The new Lehen, source: Photohof © Andrew Phelps

The new Lehen, source: Photohof © Andrew Phelps

Sustainable strategies
for buildings and communities

There is plenty of potential for saving energy in the building  sector. Roughly 40 % of overall primary energy consumption is  accounted for by space heating and cooling, lighting and other uses of electricity in accommodation, offices, hospitals and schools. So new, sustainable technologies and strategies for  energy supply in buildings are highly relevant if the places where we live are to develop in a climate-compatible way.

The Implementing Agreement “Energy in Buildings and Communities” (EBC) is focused on international R&D projects concerned with integrating energy-efficient, sustainable technologies in buildings and communities. 25 countries are currently taking part in the EBC programme; Austria has been represented by bmvit in this Implementing Agreement since 2006.

From single buildings to sustainable settlements

Whereas R&D in the building sector was concentrated on techno-logical innovations for individual buildings in recent years, the focus has now shifted to comprehensive energy strategies and cross-system solutions for sustainable cities and settlements.

More than half the world’s population and two-thirds of Europeans now live in cities or urban regions; for Austria the proportion  is 64 %. Investigations by the OECD reveal that cities’ energy consumption accounts for a large proportion of carbon dioxide emissions around the world. To be successful, improved solutions for settlements and urban districts must be embedded in city-wide strategies and targets. Within the framework of EBC Annex 63 experts are working out recommendations for integrating  energy issues into urban planning processes, and are thus helping to implement integrated energy strategies in cities, communities and regions.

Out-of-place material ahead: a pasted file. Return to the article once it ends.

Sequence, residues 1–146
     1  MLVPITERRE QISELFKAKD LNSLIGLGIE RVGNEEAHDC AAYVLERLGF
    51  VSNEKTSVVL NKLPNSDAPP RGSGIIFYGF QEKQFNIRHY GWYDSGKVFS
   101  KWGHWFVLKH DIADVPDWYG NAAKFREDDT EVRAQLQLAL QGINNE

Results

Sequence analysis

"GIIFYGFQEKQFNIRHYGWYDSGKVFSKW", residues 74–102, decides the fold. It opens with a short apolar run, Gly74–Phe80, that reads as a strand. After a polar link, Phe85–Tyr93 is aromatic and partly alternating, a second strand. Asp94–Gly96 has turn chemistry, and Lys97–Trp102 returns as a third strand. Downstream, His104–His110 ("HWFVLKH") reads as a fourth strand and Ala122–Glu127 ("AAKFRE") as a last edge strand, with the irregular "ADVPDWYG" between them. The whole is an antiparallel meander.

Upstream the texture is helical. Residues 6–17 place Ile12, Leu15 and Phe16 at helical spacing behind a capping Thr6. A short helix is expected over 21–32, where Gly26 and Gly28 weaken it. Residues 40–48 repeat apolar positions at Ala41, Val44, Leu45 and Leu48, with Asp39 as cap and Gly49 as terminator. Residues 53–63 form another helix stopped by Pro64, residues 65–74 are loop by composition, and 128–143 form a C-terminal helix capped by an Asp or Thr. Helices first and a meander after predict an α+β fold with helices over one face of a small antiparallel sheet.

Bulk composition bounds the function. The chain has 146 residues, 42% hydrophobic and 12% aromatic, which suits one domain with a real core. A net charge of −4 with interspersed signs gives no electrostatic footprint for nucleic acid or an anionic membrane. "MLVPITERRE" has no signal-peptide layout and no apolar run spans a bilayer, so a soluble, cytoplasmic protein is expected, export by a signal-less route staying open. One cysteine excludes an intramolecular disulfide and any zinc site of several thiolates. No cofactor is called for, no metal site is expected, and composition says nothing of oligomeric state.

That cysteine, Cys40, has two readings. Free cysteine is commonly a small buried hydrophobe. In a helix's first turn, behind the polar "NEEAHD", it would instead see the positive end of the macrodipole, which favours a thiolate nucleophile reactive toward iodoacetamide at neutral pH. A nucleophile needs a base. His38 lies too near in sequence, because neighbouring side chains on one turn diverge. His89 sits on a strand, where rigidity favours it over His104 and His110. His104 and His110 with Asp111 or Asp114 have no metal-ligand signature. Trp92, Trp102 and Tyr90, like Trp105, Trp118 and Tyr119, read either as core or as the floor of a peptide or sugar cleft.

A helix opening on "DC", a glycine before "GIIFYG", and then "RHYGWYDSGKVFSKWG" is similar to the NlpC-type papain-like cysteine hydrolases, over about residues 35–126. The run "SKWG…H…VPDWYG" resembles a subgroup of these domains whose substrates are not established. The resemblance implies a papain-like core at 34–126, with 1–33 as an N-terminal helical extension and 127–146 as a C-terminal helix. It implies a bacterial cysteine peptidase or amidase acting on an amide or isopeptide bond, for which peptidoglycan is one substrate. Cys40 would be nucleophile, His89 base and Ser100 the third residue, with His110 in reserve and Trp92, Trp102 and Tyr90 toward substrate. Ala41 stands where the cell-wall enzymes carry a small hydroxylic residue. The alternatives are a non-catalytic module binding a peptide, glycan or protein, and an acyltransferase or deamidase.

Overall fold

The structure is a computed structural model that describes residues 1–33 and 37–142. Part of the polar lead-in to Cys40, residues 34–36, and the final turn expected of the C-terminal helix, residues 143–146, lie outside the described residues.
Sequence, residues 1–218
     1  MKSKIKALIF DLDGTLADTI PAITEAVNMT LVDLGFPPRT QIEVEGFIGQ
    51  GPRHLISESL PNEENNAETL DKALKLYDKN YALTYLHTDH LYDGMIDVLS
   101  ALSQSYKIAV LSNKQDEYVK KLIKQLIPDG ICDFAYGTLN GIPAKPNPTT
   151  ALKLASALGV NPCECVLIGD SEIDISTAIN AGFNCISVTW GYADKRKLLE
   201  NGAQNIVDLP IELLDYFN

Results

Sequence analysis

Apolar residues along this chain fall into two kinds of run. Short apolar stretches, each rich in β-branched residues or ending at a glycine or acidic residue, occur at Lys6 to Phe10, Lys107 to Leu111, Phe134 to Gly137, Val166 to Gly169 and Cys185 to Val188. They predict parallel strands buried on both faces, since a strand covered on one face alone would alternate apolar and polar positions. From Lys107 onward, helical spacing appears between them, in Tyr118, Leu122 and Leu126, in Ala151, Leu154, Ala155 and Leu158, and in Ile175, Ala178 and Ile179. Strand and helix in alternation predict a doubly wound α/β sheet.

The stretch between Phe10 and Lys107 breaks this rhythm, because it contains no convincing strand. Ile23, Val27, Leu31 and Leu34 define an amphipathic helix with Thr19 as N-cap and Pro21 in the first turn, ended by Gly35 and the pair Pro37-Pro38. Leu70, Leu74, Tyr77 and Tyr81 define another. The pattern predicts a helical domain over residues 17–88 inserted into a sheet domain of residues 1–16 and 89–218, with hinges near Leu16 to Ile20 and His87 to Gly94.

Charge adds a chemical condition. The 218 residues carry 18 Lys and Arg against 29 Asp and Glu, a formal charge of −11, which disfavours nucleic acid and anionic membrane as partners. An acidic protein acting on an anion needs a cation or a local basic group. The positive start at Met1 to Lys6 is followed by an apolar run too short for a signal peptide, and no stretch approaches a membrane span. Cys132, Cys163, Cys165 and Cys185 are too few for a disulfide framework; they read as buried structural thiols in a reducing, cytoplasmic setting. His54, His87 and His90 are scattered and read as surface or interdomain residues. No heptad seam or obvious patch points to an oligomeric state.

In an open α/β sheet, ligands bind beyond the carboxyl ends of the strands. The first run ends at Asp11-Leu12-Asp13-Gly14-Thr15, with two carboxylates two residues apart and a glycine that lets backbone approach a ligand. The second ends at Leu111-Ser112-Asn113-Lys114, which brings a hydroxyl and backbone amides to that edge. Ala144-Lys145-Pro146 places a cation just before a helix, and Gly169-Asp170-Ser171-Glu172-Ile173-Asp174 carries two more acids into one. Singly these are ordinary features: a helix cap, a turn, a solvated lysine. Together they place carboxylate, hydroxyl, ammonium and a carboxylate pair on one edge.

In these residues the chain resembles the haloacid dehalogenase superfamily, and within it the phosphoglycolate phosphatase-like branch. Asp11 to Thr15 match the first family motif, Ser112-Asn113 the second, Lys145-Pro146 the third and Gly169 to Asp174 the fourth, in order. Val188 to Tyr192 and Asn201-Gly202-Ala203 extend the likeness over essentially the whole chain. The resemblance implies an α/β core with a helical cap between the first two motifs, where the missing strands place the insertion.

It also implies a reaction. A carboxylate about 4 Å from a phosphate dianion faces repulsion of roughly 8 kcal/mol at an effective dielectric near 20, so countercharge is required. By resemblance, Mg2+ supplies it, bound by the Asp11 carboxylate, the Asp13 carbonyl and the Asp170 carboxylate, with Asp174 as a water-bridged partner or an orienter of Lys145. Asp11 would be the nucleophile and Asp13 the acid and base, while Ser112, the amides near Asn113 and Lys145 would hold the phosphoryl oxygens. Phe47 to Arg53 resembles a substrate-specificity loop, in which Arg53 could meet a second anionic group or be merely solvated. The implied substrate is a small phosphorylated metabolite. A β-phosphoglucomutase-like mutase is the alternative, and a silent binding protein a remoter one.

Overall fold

Experience so far shows that the integrated planning approach can provide opportunities and benefits for all stakeholders,  particularly for owners and residents. Apart from synergies in the overall system perspective on production, storage and consumption, non-technical aspects such as improved residential surroundings, local value creation or buildings‘ gaining in market value when settlements are upgraded are very worthwhile.

The new Lehen, photo: Photohof © Andrew Phelps, source: SIR
The new Lehen, photo: Photohof © Andrew Phelps, source: SIR



With the flagship project “Stadtumbau Lehen” construction projects and ancillary measures have been coordinated and implemented since 2007, as part of renovating the Lehen district in Salzburg. The comprehensive energy strategy for the district emphasizes boosting energy efficiency by putting up ultra-efficient new buildings and renovating the existing buildings to make them sustainable, while aiming to integrate a maximum of renewables by exploiting solar energy (via collectors and PV) systematically.

Four promoters and ten teams of architects, two scientific institutes, the City of Salzburg and two departments within the Provincial administration are collaborating on this flagship project. To ensure uniform, defined quality standards, a subproject gives SIR – the Salzburger Institut für Raumordnung und Wohnen – responsibility for project management and coordinating the numerous partners and projects. These activities are harmonized with other flagship projects in the bmvit programme “Building of Tomorrow“ (such as urban district projects in Graz and Vienna Aspern), and the results are documented systematically.